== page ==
Cooking, mending clothes and managing money are all important skills for college students.
Home ec classes are more than reminders of a bygone era when women were expected to know how to make a flawless jello mold and darn socks. They teach young folks how to cook basic meals, how to keep their clothing in good shape and how to budget and run a household.
If you know how to do all of these things, good for you. If you don’t, no judgment. It’s hard to learn skills without a chance to practice them. YouTube can only teach you so much, and it’s shit at troubleshooting your problems when you burn dinner for the fourth day in a row because, up to now, you’ve only ever eaten ramen and your family’s cooking.
These skills are about more than keeping your spouse happy. They’re about people of all genders learning to take care of themselves once they’re living away from their families. It’s wasteful to throw out every nice shirt you own when a button falls off. It’s not practical to order food every night because you can’t cook for yourself. Ironing is a big part of making sure you’ll look nice at work, but it’s scary to try on your own. Home ec should be expanded to include other important allegedly adult tasks, too, like jumping a car or changing a car tire.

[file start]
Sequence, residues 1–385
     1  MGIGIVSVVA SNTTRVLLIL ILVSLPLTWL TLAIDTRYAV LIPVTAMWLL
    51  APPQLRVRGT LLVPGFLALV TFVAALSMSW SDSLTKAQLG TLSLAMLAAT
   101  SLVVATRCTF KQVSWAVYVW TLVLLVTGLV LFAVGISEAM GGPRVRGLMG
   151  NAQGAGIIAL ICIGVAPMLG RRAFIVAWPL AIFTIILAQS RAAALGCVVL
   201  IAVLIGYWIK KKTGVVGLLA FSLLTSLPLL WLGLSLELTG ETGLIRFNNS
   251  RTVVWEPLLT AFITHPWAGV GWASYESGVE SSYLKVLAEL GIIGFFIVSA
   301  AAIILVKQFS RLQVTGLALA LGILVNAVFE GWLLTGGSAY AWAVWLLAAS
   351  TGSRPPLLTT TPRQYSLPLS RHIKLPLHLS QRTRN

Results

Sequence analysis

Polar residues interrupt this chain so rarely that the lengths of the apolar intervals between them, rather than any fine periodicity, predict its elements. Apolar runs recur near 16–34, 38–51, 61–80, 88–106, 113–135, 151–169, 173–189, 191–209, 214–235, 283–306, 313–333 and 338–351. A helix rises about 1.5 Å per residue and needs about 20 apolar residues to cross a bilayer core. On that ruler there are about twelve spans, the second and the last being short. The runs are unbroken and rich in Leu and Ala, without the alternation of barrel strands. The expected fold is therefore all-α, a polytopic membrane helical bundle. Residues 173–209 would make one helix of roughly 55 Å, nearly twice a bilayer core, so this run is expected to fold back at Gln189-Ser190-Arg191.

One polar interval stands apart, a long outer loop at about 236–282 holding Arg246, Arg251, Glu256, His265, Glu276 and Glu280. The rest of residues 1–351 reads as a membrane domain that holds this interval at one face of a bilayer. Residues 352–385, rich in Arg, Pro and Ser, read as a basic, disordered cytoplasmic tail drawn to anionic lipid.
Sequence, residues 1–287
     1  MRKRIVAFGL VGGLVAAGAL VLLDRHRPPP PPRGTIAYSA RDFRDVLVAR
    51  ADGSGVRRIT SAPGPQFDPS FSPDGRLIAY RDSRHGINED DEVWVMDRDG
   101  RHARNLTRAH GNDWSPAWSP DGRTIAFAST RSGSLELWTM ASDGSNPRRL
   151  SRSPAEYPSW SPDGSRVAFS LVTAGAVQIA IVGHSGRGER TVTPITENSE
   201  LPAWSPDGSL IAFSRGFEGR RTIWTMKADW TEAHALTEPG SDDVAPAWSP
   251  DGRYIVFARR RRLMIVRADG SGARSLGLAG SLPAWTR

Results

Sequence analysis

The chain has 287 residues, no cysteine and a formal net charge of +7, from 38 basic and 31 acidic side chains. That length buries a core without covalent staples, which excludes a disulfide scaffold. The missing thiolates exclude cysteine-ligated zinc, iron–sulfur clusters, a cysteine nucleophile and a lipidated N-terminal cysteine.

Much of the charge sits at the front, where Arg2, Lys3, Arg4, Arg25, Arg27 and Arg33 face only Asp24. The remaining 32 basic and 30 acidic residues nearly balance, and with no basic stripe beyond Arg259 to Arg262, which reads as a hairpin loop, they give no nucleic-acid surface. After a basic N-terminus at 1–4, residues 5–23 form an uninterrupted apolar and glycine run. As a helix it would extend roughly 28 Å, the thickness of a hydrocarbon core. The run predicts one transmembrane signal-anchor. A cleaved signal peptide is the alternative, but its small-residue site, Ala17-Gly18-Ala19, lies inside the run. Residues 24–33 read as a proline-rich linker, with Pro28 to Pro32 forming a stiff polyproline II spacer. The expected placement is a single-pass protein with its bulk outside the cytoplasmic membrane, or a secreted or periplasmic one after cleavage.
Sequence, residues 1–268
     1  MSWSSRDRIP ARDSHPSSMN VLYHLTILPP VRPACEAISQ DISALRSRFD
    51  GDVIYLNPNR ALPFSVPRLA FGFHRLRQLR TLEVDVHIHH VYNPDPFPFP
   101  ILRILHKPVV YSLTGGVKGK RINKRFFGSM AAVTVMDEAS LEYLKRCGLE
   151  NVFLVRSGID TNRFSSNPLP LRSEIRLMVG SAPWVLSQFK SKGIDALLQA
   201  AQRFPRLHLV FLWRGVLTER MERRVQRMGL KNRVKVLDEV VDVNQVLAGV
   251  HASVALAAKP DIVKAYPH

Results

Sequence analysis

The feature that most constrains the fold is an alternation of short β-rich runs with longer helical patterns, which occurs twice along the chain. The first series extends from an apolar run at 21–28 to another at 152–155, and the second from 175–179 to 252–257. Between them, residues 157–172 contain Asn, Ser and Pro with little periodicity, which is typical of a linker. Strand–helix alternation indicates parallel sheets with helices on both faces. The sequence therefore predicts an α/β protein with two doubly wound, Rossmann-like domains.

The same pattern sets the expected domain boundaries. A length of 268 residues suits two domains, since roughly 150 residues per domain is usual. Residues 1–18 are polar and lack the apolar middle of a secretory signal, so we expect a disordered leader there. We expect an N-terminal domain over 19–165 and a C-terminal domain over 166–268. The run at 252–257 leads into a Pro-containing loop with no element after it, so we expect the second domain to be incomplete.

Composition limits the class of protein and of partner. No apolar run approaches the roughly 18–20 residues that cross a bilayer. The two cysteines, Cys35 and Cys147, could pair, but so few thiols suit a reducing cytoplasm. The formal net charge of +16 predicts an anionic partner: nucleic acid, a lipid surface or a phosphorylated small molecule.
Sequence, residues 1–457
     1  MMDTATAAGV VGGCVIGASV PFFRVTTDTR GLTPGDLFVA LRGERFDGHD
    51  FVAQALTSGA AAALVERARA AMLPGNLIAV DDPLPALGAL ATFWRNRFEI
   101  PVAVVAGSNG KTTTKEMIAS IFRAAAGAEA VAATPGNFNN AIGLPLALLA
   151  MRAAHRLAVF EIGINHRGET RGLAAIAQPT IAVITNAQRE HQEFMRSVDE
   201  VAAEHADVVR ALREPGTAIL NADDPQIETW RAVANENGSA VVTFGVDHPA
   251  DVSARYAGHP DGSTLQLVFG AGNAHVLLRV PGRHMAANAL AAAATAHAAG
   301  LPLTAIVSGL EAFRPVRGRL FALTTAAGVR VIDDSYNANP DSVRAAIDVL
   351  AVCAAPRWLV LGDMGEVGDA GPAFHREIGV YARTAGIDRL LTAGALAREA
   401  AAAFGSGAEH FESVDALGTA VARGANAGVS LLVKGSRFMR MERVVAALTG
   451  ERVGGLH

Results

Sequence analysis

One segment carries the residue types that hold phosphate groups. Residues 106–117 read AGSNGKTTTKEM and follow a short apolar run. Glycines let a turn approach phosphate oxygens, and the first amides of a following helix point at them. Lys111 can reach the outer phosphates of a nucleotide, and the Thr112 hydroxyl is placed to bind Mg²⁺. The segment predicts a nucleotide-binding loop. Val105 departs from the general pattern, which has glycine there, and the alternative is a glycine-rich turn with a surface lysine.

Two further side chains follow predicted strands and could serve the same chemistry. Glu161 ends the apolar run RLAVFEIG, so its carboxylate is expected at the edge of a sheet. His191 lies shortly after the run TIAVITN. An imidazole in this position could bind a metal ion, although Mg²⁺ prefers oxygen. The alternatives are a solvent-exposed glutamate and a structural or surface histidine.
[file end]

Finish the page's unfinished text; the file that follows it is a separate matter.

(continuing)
These skills flex a person’s ability to plan ahead (no meal goes off without a hitch without a mise en place) and to react calmly to frustrating situations (car troubles and frayed clothing become small inconveniences). Not knowing how to do some of the basic tasks covered in home ec can harm people personally and professionally when they don’t know how to react to or fix the situation.
Murphy’s Law is real: what can go wrong will go wrong at some point, and it’s only exacerbated when it goes wrong at the worst possible time. Thirty minutes before an interview is not the time to need to learn how to fix a seam. Life skills also make people more considerate roommates and partners. People can help others eliminate daily stressors when they can offer to help cook dinner or make the pie their roommate needs to bring to a work potluck.
The university could stand to test out a single home ec class to see if students will be as interested as I believe they would be. The curriculum practically writes itself. Local professionals could come in for a single class to teach about a different topic that people would find useful, like a CPA giving a presentation on taxes.
There are a million ways students could benefit from learning a little more about the day-to-day minutiae that awaits them upon graduating rather than focusing solely on academic tasks. It would make TU a more well-rounded university with a stronger curriculum, and students would get a small break from considering abstract ideas to practice some hands-on and applicable knowledge.